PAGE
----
As the federal government closes in on two weeks of a partial shutdown, questions continue regarding what could end up being affected by a lack of federal funds. It has been well publicized in the national news that National Parks are closed, putting dampers on many vacations. In Alaska, much of the National Park visiting season is over, but the administrative work and preparation for next year’s busy summer season are on hold until Congress and the President can agree on a resolution fund the government. Alternatively, Secretary of the Interior Sally Jewell says that she will consider offers from states to fund the re-opening of National Parks during the shutdown. Governer Parnell’s office could not be reached on whether or not Alaska would consider such a move.
Other federal closures could also have an impact on Alaskans. The U.S. Geological Survey has furloughed nearly all of its workers, according to the Department of Interior website, and the Federal Aviation Administration has sent many of its workers home, though air traffic controllers are still working, including Flight Service at the Talkeetna Airport.
On Wednesday, Veterans Affairs Secretary Eric Shinseki told the House Veterans’ Affairs Committee that benefits his agency provides could be in jeopardy in the event that the shutdown continues. The Supplemental Nutrition Assistance Program is expected to continue, as are Social Security, Medicare, and Medicaid. The WIC program, which is a supplemental nutrition program for women, infants, and children will last as long as state funds hold out. APRN’s Alexandra Gutierrez reported last week that the state believes it has funds to last through the end of the month.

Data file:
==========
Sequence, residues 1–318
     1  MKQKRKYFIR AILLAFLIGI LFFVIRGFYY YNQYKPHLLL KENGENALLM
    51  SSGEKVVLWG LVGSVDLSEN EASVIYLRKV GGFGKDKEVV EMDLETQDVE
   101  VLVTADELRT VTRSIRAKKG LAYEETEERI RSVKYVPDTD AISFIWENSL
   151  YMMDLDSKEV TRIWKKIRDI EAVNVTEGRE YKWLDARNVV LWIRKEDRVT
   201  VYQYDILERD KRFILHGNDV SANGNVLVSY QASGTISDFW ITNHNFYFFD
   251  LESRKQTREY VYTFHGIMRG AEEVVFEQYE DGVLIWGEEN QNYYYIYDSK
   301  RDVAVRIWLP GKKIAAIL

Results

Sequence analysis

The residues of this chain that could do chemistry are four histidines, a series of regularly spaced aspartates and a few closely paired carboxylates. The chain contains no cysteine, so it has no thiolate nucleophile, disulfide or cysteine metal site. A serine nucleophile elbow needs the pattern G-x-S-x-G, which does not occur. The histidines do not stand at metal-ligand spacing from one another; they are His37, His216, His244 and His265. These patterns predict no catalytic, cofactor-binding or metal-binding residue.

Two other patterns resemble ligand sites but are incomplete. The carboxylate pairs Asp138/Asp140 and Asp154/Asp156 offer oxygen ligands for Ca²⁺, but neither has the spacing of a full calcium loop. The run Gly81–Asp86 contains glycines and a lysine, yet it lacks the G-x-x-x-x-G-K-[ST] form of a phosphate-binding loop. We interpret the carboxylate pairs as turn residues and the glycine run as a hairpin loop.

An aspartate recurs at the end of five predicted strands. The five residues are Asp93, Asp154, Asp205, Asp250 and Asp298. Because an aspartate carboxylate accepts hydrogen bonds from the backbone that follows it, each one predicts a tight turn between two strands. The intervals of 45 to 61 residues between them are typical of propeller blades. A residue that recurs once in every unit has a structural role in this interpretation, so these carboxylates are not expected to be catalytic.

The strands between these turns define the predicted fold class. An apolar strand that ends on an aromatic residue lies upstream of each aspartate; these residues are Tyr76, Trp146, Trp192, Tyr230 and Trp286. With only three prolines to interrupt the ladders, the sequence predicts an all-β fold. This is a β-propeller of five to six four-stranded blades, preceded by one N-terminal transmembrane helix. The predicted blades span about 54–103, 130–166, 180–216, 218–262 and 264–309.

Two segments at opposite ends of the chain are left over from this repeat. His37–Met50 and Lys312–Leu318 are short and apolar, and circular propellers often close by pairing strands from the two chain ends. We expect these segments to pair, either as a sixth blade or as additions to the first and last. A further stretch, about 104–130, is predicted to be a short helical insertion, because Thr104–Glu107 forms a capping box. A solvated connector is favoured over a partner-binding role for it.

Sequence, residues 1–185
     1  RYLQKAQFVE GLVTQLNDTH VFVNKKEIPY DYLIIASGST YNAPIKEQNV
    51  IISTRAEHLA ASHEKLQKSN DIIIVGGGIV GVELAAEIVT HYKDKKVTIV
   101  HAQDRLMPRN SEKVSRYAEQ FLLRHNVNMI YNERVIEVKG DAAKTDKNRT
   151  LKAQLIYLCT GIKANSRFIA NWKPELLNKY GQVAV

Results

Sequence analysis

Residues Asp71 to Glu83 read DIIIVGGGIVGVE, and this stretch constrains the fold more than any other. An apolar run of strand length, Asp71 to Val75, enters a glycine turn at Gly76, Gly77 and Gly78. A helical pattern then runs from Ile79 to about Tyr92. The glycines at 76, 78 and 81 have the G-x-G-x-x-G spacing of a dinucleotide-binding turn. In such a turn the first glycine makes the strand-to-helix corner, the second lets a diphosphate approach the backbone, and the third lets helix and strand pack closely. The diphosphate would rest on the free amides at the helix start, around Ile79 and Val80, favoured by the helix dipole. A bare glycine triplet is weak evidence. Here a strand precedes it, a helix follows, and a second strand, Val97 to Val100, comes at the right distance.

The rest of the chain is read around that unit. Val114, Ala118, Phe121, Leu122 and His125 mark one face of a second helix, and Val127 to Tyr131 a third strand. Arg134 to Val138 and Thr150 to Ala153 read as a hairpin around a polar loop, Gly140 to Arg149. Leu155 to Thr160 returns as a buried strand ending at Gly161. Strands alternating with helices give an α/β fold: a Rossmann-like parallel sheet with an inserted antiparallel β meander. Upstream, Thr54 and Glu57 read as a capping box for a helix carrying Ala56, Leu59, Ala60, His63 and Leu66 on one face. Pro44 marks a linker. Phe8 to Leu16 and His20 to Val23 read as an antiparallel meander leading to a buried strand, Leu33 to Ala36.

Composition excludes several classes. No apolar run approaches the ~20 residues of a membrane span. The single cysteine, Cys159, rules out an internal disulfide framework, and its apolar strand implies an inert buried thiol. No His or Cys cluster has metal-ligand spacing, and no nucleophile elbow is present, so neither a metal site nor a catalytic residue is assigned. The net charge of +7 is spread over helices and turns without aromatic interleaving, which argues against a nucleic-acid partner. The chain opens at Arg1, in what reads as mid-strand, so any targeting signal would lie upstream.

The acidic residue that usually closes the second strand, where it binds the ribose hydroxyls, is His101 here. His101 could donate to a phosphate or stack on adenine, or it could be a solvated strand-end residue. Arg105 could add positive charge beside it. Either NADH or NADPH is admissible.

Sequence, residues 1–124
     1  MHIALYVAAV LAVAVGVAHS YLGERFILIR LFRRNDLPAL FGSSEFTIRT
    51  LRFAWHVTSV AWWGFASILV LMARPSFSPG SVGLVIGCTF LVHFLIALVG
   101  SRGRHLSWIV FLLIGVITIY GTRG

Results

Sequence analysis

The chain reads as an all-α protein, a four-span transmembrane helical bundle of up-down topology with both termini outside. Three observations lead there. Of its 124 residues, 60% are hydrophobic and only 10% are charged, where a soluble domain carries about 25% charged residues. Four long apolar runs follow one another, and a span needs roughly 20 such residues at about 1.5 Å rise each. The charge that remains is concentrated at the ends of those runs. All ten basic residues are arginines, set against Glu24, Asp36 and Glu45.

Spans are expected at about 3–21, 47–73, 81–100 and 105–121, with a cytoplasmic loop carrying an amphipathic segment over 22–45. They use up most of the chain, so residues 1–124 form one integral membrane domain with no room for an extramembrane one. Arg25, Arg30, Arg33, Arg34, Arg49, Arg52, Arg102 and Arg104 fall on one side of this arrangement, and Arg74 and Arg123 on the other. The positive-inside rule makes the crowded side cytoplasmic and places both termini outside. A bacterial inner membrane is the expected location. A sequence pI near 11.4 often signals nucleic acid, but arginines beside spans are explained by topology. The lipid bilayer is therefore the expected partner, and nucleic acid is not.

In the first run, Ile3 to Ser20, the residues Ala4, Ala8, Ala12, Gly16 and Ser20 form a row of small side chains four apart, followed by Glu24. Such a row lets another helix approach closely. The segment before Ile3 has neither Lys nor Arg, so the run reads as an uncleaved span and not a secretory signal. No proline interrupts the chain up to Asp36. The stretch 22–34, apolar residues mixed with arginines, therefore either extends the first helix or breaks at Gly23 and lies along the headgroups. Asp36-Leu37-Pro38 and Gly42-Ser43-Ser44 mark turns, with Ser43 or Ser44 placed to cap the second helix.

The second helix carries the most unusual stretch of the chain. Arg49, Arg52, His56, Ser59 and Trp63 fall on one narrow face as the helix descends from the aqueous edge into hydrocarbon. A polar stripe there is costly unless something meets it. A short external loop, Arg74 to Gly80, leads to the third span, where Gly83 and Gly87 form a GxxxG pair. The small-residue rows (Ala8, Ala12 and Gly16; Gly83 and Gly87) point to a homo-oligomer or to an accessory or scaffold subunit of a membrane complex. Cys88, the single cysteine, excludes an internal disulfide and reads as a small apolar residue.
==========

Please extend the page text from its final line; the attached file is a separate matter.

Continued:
Furloughs are also affecting many Alaskans. Estimates vary on exactly how many federal employees have been furloughed statewide. As the shutdown continues, each side of the aisle accuses the other of causing the furloughs and closures, and while Speaker of the House John Boehner and other House leaders recently met President Barack Obama to discuss how to resolve the crisis, no concrete plan is in place.
In the meantime, the Alaska Department of Labor says that furloughed employees could be eligible for unemployment, provided they meet the normal requirements. In the event that Congress decides to pay them retroactively, however, those employees would have to reimburse the state for the assistance they receive. A bill to pay furloughed workers retroactively passed the House by a vote of 407-0 this week, and is currently awaiting discussion in the Senate.